Introduction Up to 40% of patients with gastro-oesophageal reflux disease remain symptomatic despite PPI therapy. In addition to acid the refluxate contains pepsin and bile acids, which may be important in symptom perception. A topical therapy could protect against all components of the refluxate. A reliable model for testing could be used to screen compounds for clinical evaluation. We aimed to evaluate and compare the topical protective effect of an alginate solution in a cell culture and human biopsy model.
Method Primary human oesophageal epithelial cells were established into multilayer stratified squamous epithelia using an air-liquid interface technique. After placing in Ussing chambers the apical surface was “protected” with 200 µl of either alginate, viscous control, or was unprotected. After 15 min washing in neutral solution the tissue was exposed to pH 3 + bile acid solution for 30 min and TER change was calculated.
Distal human oesophageal biopsies were taken, placed in Ussing chambers and “protected” as above. After 15 min or 60 min washing in neutral solution, change in TER on 30 min exposure to pH 1 + bile acid + pepsin solution was measured.
Thickness of a fluorescent-labelled alginate coating on the biopsy luminal surface was measured after 15 min (5 biopsies) and 60 min (5 biopsies) washing in pH 7.4 solution.
Results Acid-induced change in TER was significantly less in alginate-protected epithelium than in epithelium protected with viscous control or unprotected tissue. This was seen in both the cell culture (–1.2 ± 5.1%, n = 5 vs. –38.4 ± 6.2%, n = 4 vs. –41.9 ± 8.1%, n = 3) and human biopsy models (−2.7 ± 1.8% vs. −15.26 ± 3.7% vs. −21.1 ± 4.4%, all n = 12) after 15 min washing. Statistically significant protection was still seen after 60 min washing (–8.3 ± 2.2% vs. –25.1 ± 4.5% vs. –26.4 ± 5.3%, n = 12).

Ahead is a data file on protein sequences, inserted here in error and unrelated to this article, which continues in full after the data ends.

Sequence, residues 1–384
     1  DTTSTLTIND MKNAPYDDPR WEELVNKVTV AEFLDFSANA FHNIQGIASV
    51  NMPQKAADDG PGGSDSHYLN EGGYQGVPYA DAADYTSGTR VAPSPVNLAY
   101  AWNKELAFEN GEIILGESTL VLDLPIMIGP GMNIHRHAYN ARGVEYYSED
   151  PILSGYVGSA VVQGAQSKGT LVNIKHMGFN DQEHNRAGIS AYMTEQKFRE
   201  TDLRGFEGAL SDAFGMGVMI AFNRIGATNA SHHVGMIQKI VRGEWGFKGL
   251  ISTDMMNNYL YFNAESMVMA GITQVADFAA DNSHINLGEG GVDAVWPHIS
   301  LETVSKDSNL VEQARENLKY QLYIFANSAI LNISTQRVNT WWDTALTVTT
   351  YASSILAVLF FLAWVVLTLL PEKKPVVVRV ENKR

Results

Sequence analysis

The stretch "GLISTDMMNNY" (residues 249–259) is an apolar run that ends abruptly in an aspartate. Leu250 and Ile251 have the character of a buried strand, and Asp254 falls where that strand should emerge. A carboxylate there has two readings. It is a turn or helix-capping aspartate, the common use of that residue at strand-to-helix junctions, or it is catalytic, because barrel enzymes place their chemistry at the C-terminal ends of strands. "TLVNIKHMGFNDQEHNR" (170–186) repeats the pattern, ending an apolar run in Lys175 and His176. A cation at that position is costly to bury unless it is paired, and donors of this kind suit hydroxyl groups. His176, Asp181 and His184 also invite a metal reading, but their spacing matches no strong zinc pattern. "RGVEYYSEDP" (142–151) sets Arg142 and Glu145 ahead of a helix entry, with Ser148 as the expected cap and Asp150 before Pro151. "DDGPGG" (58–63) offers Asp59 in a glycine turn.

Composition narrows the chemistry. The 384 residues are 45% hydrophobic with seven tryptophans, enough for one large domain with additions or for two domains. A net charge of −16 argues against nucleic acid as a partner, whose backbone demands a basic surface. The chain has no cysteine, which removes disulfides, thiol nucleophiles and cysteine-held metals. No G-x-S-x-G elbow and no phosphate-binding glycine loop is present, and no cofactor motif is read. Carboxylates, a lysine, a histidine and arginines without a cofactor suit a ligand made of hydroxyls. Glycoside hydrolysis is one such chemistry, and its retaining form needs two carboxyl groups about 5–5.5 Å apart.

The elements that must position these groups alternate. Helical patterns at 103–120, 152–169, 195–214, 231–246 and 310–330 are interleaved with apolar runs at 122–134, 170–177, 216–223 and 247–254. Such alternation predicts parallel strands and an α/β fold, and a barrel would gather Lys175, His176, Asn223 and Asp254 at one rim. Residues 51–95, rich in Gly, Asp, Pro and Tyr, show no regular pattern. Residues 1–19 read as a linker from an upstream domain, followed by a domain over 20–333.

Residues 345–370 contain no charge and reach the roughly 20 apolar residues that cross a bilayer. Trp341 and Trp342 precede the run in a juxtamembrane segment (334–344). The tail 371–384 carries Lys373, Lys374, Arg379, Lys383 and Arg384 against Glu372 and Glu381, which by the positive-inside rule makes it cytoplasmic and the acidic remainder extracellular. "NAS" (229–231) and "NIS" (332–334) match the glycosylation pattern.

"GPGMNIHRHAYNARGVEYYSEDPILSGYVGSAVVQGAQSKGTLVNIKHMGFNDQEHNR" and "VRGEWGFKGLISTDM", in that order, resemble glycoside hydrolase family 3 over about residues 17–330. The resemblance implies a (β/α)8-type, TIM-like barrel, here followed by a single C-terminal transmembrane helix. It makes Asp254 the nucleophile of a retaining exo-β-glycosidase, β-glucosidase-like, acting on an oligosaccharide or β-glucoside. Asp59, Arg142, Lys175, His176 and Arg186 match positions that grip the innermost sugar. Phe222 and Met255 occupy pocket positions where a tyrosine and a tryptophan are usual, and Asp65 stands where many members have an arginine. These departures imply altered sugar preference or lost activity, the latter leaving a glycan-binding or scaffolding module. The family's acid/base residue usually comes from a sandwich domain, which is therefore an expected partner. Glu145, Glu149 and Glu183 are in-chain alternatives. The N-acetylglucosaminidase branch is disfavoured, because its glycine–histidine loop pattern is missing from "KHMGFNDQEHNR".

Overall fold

After 15 min washing the mean alginate layer thickness was 5.7 ± 0.3 µm, and was 4.3 ± 0.3 µm after 60 min washing.
Conclusion Alginate topical protection of human oesophageal epithelium against acid-injury is demonstrated in both cell culture and human biopsy models. Epithelial adherence persists for up to 60 min. Topical alginate mucosal protection may be promising as an add-on/alternative therapy for gastro-oesophageal reflux disease. Since the cell culture model was able to reproduce ex vivobiopsy results, it could be an effective tool to screen candidate products prior to clinical evaluation.
Disclosure of interest F. Batista-Lima: None Declared, C. Lee: None Declared, D. Sifrim Grant/ Research Support from: Research grant from Reckitt-Benckiser, P. Woodland: None Declared.
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